Estimates of hepatitis B virus prevalence among general population and key risk groups in EU/EEA/UK countries: a systematic review

Sandra Bivegete*, Adam J W Trickey, Zak Thornton, Becky L Scanlan, Anna L McNaughton, Aaron G Lim, Lina Nerlander, Hannah Fraser, Josephine G Walker, Matt Hickman, Peter T Vickerman, Helen Johnson, Erika Duffell, Ellen Brooks Pollock, Hannah Christensen

*Corresponding author for this work

Research output: Contribution to journalReview article (Academic Journal)peer-review

2 Citations (Scopus)
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Abstract

Background: The burden of chronic hepatitis B virus (HBV) varies across the European Union (EU) and European Economic Area (EEA). We aimed to provide updated estimates of HBV prevalence in EU/EEA/UK countries for 2018-2021.

Methods: We undertook a systematic review to update estimates of HBV prevalence in an existing database (spanning 2005-2017). Databases were searched for original English-language research articles including HBV surface antigen (HBsAg) prevalence estimates among the general population, pregnant women, first-time blood donors (FTB), men who have sex with men (MSM), migrants, and people in prison. Grey literature data were obtained from country experts. Risk of bias was assessed using a quality assessment framework.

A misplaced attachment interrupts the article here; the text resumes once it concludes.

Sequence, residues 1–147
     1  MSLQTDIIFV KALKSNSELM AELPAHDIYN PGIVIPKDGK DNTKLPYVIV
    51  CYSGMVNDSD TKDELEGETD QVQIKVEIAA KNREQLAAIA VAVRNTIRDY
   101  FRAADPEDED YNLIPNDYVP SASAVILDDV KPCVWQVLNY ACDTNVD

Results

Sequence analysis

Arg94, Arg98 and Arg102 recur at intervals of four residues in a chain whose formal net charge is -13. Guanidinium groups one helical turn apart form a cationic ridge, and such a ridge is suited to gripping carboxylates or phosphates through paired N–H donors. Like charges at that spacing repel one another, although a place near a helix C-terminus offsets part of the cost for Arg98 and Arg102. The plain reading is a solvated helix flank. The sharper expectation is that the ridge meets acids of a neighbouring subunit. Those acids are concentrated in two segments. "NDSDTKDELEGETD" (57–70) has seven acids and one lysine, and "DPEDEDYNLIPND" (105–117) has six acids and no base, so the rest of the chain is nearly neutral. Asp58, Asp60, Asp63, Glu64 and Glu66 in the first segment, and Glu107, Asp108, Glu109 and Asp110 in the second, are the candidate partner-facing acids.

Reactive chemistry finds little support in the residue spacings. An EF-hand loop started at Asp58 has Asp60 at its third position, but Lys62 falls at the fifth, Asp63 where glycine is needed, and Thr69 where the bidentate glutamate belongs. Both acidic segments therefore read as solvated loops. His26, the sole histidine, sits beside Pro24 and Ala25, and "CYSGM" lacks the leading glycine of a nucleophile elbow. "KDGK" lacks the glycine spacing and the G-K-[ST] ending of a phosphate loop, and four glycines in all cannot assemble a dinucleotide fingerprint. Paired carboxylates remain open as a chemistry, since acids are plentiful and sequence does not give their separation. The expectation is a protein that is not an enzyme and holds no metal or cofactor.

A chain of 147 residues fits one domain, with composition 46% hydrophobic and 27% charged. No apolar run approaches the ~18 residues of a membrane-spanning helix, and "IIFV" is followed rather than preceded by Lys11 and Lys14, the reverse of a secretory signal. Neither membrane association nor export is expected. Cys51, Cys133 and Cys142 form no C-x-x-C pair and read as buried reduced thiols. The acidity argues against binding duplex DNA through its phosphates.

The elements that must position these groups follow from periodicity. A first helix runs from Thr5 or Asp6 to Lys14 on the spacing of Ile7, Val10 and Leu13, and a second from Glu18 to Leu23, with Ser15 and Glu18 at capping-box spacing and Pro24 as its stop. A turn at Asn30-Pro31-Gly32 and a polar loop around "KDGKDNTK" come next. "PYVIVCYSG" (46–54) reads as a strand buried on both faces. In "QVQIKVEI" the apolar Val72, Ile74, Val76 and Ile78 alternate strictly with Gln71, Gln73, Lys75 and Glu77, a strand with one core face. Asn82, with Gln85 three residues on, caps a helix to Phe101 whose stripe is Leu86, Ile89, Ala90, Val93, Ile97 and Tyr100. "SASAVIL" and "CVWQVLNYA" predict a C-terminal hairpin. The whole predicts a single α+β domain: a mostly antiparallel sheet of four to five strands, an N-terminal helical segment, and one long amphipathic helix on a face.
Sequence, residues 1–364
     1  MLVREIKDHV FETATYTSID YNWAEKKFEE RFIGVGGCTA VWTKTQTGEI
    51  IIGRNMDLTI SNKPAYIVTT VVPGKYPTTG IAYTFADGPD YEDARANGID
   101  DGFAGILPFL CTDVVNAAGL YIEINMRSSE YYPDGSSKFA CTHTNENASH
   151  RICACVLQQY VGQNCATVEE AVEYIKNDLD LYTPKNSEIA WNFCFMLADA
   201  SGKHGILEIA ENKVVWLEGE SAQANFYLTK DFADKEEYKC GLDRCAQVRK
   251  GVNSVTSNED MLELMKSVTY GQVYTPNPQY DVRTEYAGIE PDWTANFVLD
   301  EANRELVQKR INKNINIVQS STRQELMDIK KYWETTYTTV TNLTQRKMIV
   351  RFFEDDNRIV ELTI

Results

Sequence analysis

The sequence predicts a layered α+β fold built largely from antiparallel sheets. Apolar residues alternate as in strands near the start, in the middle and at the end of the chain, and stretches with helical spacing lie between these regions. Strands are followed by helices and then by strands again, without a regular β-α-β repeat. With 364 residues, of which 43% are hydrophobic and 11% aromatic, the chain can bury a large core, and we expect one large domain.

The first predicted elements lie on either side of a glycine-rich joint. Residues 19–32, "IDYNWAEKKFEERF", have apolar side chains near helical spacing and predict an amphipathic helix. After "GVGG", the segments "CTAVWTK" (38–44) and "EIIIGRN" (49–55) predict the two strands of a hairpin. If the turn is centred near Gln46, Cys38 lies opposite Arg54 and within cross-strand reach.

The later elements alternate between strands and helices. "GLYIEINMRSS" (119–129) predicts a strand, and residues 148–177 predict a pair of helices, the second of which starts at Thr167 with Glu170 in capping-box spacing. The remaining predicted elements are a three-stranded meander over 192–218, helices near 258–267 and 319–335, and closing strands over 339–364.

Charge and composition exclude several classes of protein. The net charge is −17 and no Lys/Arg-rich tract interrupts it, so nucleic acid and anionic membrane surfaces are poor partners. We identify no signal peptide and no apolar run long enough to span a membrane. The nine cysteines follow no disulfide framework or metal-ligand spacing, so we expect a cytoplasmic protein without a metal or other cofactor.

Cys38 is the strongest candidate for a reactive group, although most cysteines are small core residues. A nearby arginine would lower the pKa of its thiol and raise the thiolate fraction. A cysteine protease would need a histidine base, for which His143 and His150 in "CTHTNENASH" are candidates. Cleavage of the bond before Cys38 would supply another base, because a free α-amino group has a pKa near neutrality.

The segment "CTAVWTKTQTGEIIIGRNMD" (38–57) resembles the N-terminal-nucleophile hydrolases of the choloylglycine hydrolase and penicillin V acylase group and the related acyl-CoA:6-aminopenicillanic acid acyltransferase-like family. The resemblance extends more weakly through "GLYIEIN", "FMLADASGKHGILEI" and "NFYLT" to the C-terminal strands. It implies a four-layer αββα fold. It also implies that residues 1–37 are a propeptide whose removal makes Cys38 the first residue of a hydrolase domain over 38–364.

Findings: The update provided 147 new prevalence estimates across the region (updated total n=579). The median HBV prevalence in general population was 0.5% and the highest prevalence was 3.8% (Greece). Among FTB, the highest prevalence was 0.8% (Lithuania). Estimates among pregnant women were highest in Romania and Italy (5.1%). Among migrants, the highest estimate was 31.7% (Spain). Relative to 2017 estimates, median prevalence among pregnant women decreased by 0.5% (to 0.3%) and increased by 0.9% (to 5.8%) among migrants. Among MSM, the highest estimate was 3.4% (Croatia). Prevalence among people in prison was highest in Greece (8.3%) and the median prevalence increased by 0.6% (to 2.1%).

Conclusions: HBV prevalence is low in the general population and confined to key risk populations in most European countries with some exceptions. HBV screening and treatment should be targeted to people in prison and migrants.
Original languageEnglish
Pages (from-to)1-14
JournalEurosurveillance
Volume28
Issue number30
DOIs
Publication statusPublished - 27 Jul 2023

Bibliographical note

Funding Information:
JGW & PV have received unrestricted research grants from Gilead Sciences, unrelated to this work.

Funding Information:
HC, EBP, PV, MH, AGL, HF, SB are supported by the NIHR Health Protection Research Unit in Behavioural Science and Evaluation at the University of Bristol in partnership with UK Health Security Agency (UK HSA). HC is also funded by a NIHR Career Development Fellowship (CDF-2018-11-ST2-015). The views expressed are those of the authors and not necessarily those of the NIHR, the Department of Health and Social Care or UK HSA. The University of Bristol received funding from ECDC. The funders had no role in the design of the study, collection, analysis and interpretation of the data, or in writing the manuscript.

Publisher Copyright:
© 2023 European Centre for Disease Prevention and Control (ECDC). All rights reserved.

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